OTTAWA -- The federal government’s plans to “strongly” recommend Canadians download a to-be-determined COVID-19 contact tracing app may not happen as initially billed, Health Minister Patty Hajdu said on Monday, indicating there’s been pushback from some regions of the country to the idea. 

On May 22, Prime Minister Justin Trudeau said that the federal government was looking into various monitoring and exposure notification applications to help monitor the virus’ spread.

At the time he said the government was working with a “number of different partners” on potential apps, and that in the coming weeks Ottawa intends to “recommend strongly to Canadians a particular app that will help us manage the spread of COVID-19.”

However, Hajdu told reporters on Monday that “some jurisdictions prefer” the contact tracing already being done “the old-fashioned way.”

The traditional contact tracing currently being done involves people making calls for various public health agencies to help track down anyone who may have come into contact with confirmed COVID-19 cases.

Hajdu said talks continue with the provinces and territories over a digital supplement, but noted that an app would only be effective if people were encouraged, and wanted to use it.

“As the minister of health of course, having a digital contact tracing app would likely be helpful,” she said. “One of the things that I think from a health perspective we're keeping our eye on is the usefulness of an app if there is not a high take-up.”

On Monday the prime minister did make a brief comment about contact tracing, stating the need for cross-Canada collaboration.

“We need to co-operate on countrywide testing and contact tracing,” he said, indicating “good progress” was being made.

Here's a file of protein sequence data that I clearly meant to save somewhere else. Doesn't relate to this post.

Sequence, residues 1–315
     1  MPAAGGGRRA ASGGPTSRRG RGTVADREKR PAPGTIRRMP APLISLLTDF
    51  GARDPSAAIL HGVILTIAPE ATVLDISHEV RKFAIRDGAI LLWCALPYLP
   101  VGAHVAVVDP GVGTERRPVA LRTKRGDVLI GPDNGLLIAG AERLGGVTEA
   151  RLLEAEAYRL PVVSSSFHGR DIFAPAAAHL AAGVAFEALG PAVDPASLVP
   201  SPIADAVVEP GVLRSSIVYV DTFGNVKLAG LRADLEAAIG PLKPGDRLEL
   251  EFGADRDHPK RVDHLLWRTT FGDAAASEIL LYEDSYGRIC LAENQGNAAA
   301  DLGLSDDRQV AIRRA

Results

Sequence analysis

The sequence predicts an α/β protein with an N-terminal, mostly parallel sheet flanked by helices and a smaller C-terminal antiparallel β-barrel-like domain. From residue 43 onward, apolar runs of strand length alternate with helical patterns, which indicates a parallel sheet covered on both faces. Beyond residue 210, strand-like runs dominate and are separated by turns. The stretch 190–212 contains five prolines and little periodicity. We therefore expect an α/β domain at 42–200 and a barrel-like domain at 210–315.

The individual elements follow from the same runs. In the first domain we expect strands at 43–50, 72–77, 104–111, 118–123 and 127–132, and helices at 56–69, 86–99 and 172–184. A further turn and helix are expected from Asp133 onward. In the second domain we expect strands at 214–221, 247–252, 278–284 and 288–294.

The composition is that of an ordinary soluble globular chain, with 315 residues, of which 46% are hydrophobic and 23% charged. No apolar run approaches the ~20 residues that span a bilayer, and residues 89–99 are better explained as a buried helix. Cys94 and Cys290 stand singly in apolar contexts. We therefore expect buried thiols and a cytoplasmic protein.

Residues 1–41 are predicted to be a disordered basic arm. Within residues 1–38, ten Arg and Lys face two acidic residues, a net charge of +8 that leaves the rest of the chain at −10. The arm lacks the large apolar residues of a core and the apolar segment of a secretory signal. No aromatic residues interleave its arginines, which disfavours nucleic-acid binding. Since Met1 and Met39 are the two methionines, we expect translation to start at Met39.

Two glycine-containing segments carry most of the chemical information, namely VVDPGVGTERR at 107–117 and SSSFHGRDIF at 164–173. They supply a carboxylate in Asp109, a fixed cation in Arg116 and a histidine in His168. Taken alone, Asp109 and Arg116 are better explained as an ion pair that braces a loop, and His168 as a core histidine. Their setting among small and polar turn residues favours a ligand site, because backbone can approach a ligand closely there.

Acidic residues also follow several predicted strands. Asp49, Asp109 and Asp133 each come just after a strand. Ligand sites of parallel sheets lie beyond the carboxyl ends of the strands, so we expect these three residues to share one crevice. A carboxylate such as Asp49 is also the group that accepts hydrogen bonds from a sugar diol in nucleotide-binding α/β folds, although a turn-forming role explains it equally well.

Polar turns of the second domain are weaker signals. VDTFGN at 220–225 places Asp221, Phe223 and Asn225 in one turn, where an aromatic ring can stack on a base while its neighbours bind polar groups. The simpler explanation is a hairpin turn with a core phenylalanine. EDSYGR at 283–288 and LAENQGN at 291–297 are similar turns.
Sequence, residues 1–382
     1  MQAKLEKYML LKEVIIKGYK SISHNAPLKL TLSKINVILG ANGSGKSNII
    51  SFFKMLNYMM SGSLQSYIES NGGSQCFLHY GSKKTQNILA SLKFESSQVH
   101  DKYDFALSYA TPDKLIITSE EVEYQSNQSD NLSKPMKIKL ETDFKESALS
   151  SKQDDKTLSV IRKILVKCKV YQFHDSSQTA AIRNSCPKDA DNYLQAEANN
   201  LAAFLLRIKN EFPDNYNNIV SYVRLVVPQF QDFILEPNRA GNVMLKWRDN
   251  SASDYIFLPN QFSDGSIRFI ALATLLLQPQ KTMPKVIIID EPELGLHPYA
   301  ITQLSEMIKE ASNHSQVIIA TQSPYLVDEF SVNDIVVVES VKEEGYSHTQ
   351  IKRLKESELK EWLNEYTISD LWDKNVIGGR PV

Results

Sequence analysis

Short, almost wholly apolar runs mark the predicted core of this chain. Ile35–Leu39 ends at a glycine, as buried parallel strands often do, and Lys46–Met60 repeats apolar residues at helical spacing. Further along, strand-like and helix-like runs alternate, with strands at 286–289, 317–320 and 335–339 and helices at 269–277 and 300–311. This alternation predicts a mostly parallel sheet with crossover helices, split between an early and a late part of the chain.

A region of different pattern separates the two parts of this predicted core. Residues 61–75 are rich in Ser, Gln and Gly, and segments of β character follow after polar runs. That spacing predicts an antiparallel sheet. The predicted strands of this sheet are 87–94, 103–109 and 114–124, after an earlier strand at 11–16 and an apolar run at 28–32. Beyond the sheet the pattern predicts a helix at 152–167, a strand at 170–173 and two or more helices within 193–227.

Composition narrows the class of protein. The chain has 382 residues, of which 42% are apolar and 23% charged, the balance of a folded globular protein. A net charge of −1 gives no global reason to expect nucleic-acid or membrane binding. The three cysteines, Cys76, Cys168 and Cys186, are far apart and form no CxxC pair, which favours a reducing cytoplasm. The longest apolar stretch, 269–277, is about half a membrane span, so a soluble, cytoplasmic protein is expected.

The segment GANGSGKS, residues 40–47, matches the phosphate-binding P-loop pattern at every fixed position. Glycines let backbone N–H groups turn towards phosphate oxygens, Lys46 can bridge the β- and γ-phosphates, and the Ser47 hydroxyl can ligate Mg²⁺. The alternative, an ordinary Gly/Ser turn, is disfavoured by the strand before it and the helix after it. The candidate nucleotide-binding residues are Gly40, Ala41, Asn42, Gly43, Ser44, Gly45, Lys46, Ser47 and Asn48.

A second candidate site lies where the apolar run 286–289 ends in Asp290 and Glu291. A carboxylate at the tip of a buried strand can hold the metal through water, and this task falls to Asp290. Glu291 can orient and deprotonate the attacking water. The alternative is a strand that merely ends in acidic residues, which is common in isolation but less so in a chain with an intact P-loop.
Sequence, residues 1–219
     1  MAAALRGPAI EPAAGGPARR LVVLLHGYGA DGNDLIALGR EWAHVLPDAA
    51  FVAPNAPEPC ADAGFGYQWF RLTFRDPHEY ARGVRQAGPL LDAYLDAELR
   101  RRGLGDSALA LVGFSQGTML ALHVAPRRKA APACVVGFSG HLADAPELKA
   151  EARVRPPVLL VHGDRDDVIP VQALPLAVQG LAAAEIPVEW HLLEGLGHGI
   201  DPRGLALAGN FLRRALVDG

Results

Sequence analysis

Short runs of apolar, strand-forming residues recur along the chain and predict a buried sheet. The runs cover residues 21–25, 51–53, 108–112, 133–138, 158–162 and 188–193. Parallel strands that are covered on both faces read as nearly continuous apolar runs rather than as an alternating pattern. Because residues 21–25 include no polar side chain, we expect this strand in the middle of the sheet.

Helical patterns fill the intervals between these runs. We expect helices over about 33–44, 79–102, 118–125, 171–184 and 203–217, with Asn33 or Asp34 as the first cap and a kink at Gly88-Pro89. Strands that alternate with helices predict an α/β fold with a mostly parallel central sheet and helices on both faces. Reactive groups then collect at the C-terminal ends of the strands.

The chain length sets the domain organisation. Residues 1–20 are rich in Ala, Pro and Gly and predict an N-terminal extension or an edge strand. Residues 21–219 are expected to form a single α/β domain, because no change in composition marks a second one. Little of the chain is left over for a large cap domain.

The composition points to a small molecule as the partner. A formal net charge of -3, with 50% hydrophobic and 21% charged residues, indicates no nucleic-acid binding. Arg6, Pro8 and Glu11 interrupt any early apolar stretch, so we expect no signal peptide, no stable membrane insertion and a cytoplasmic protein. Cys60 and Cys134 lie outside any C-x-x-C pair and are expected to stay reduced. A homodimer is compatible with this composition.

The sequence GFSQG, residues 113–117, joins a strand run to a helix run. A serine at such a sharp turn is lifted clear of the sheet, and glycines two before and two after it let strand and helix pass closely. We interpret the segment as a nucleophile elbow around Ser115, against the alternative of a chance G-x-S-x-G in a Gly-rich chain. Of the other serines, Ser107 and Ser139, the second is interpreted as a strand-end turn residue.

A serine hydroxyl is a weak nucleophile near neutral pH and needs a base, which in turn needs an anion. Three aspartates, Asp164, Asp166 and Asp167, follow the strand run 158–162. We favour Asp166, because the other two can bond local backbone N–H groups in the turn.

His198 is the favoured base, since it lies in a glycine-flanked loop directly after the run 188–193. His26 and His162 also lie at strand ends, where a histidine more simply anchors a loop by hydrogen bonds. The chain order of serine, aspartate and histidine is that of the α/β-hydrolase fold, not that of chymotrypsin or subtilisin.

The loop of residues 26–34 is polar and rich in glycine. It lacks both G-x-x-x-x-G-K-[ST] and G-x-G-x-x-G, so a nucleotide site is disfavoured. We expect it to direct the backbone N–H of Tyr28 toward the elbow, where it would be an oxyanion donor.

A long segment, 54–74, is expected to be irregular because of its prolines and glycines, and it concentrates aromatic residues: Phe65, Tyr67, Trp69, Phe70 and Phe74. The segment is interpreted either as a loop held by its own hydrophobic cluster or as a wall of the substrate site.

Hajdu noted that some regions have already begun using their own digital tracking methods and indicated there may be a desire to see the use of these tools continue, which could result in a patchwork of applications being used across the country that would have limited efficacy when it comes to cross-border spread.

“I think whatever path that we choose to go forward with a digital app for contact tracing, it has to be an app that Canadians will feel comfortable using and that we can gain momentum with,” said Hajdu.


Another aspect contributing to some unease around the idea are the outstanding questions around privacy protections.

Last week while testifying before the House Industry, Science, and Technology Committee, Privacy Commissioner Daniel Therrien told MPs that he had yet to be consulted about any potential app options and expressed concerns about the adequacy of current privacy laws to protect Canadians should a breach occur with a contact tracing app.

“The current crisis I would say clearly shows that there will be a need to accelerate the technological revolution that was already at play before COVID, and this acceleration requires an even stronger legal framework,” he said.

Earlier this month Therrien and provincial and territorial privacy commissioners issued a joint statement calling for governments to ensure that any applications being developed or recommended respect Canadian privacy laws. 

Hajdu didn’t say definitively when asked on Monday whether the federal government would commit to consulting with Therrien, but said that privacy will be a priority.

“We know that privacy is of utmost importance to Canadians and so the work is ongoing right now to look at a variety of different options that has privacy as the first and foremost consideration,” she told reporters.

Conservative industry critic Michelle Rempel Garner issued a statement following Therrien’s testimony, calling it “absolutely unacceptable” that he hadn’t been looped in on the federal government’s study of potential applications.

“Now that Canadians are being required to conduct business online, work and attend school from home; and now may be required to install a tracking mechanism on their cellphones, it is difficult to underscore the potential for disaster in the event of a leak or hack,” she said.